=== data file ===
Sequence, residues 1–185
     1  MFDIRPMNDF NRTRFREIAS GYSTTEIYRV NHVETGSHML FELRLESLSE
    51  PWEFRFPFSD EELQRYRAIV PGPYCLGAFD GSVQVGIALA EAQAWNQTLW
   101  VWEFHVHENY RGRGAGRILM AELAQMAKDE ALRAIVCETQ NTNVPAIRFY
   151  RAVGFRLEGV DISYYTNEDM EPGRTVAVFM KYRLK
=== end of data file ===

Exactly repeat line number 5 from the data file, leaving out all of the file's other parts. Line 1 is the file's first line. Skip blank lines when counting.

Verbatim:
   151  RAVGFRLEGV DISYYTNEDM EPGRTVAVFM KYRLK